MOSCOW, May 22. /TASS/. Deputy Chairman of the Russian Security Council Dmitry Medvedev has slammed Washington’s decision to withdraw from the Treaty on Open Skies as another step of US authorities to further tear down the international security architecture, he said via his social media profiles Friday.
"The decision announced by Washington to quit the Treaty on Open Skies in the future is another step of the US down the path of dismantling the international security architecture that took decades to lay down," he lamented.
According to Medvedev, Washington failed to clearly respond to Russia’s questions regarding the American violations of the treaty. "The US could not clearly answer our valid questions regarding their own numerous violations of the treaty," he added. "In particular, they introduced a maximum flight distance over Hawaii, restrictions on flights over the Aleutian Islands and set unfounded limits on altitude of flight for our observation jets. And the list can go on."
Medvedev expressed hope that other cornerstone agreements in the arms control sphere will not be damaged "in the heat of the American election campaigning." "Washington should be more responsible about the soon expiring New START treaty — the last active agreement on restriction and verification in the nuclear and missile sphere. As we have repeatedly underlined, Russia backs its preservation without any preconditions."
US President Donald Trump on Thursday announced the decision to quit the Treaty on Open Skies, that allowed participants to fly over any territories of the treaty signatories to supervise the military activity. Giving the reasoning behind this decision, the US side cited alleged numerous violations committed by Russia, while Moscow rejects these accusations and lays counterclaims. For instance, spokeswoman for the Russian Foreign Ministry, Maria Zakharova underlined that Russia itself has complaints against the US regarding the treaty which were voiced before.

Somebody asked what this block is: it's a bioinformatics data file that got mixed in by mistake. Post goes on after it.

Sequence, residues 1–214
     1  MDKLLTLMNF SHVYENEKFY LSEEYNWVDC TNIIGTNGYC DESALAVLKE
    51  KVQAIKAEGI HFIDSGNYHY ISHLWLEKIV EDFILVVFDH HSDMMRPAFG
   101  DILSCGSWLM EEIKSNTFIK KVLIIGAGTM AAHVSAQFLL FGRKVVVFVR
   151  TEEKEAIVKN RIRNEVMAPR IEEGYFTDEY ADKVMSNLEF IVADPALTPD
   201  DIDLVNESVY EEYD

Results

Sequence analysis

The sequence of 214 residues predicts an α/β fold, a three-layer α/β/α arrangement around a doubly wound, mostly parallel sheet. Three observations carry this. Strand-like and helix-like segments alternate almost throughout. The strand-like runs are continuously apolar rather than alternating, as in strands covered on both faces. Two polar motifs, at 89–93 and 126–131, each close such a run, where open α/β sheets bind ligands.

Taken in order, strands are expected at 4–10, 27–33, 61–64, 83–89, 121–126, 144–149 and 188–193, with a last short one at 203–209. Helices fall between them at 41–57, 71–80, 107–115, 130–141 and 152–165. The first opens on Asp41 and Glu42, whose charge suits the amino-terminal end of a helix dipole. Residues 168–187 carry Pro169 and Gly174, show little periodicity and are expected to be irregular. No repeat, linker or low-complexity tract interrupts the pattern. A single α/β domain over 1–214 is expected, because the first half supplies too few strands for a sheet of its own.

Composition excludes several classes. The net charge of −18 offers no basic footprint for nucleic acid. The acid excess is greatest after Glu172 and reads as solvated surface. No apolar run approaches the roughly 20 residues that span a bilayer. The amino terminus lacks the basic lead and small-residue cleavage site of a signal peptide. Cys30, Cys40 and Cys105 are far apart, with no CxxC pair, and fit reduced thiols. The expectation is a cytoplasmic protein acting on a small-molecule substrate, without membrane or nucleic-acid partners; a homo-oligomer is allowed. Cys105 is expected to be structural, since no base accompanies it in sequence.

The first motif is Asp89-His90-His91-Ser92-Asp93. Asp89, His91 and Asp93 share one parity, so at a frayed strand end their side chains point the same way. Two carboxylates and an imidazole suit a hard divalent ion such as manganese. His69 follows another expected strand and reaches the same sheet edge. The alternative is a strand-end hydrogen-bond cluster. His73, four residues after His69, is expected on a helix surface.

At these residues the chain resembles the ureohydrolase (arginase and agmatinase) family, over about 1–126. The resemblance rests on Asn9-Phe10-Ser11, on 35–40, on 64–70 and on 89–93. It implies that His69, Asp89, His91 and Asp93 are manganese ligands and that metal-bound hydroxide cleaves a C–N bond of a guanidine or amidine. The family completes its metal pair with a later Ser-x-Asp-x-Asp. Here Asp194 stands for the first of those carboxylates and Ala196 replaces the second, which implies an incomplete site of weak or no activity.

Treaty on Open Skies
The Treaty on Open Skies was signed in March 1992 in Helsinki by 23 member-nations of the Organization for Security and Co-operation in Europe (OSCE). It was drafted with Moscow’s active participation. According to the Russian Foreign Ministry, the treaty is a major instrument of strengthening trust and security. The Open Skies’ main goals are to build transparency, render assistance in monitoring compliance with existing or future arms control agreements, broaden possibilities for preventing crises and managing crisis situations. The accord establishes a program of unarmed aerial surveillance flights over the entire territory of its participants. Now, the treaty has more than 30 signatory states. Russia ratified the Treaty on Open Skies on May 26, 2001.
For the past several years, Washington has been accusing Moscow of carrying out the accord in a selective manner and of violating some of its provisions. Russia has also put forward some objections regarding the way the United States has been implementing the agreement. In 2017, Washington imposed some restrictions on Russian observation flights over its territory. Moscow came up with a tit-for-tat response some time later.